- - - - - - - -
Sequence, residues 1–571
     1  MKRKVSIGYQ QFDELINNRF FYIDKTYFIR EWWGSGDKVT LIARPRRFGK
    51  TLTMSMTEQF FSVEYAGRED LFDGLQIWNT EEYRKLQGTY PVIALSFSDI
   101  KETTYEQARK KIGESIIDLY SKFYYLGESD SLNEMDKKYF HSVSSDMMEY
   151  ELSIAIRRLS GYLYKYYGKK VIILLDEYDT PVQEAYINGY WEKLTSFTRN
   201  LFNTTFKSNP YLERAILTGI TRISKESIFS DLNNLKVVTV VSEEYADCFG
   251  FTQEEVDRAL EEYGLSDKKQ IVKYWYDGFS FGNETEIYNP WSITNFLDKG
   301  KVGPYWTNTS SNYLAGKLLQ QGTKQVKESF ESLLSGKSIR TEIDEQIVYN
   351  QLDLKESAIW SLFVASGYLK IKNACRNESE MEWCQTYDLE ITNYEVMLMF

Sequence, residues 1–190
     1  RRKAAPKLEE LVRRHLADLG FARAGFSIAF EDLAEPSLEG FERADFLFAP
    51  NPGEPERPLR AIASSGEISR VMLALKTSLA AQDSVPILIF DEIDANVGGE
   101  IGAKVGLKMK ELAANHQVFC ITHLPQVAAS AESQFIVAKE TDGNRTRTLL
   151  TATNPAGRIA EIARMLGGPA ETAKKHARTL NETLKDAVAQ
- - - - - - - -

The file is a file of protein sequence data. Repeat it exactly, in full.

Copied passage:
Sequence, residues 1–571
     1  MKRKVSIGYQ QFDELINNRF FYIDKTYFIR EWWGSGDKVT LIARPRRFGK
    51  TLTMSMTEQF FSVEYAGRED LFDGLQIWNT EEYRKLQGTY PVIALSFSDI
   101  KETTYEQARK KIGESIIDLY SKFYYLGESD SLNEMDKKYF HSVSSDMMEY
   151  ELSIAIRRLS GYLYKYYGKK VIILLDEYDT PVQEAYINGY WEKLTSFTRN
   201  LFNTTFKSNP YLERAILTGI TRISKESIFS DLNNLKVVTV VSEEYADCFG
   251  FTQEEVDRAL EEYGLSDKKQ IVKYWYDGFS FGNETEIYNP WSITNFLDKG
   301  KVGPYWTNTS SNYLAGKLLQ QGTKQVKESF ESLLSGKSIR TEIDEQIVYN
   351  QLDLKESAIW SLFVASGYLK IKNACRNESE MEWCQTYDLE ITNYEVMLMF

Sequence, residues 1–190
     1  RRKAAPKLEE LVRRHLADLG FARAGFSIAF EDLAEPSLEG FERADFLFAP
    51  NPGEPERPLR AIASSGEISR VMLALKTSLA AQDSVPILIF DEIDANVGGE
   101  IGAKVGLKMK ELAANHQVFC ITHLPQVAAS AESQFIVAKE TDGNRTRTLL
   151  TATNPAGRIA EIARMLGGPA ETAKKHARTL NETLKDAVAQ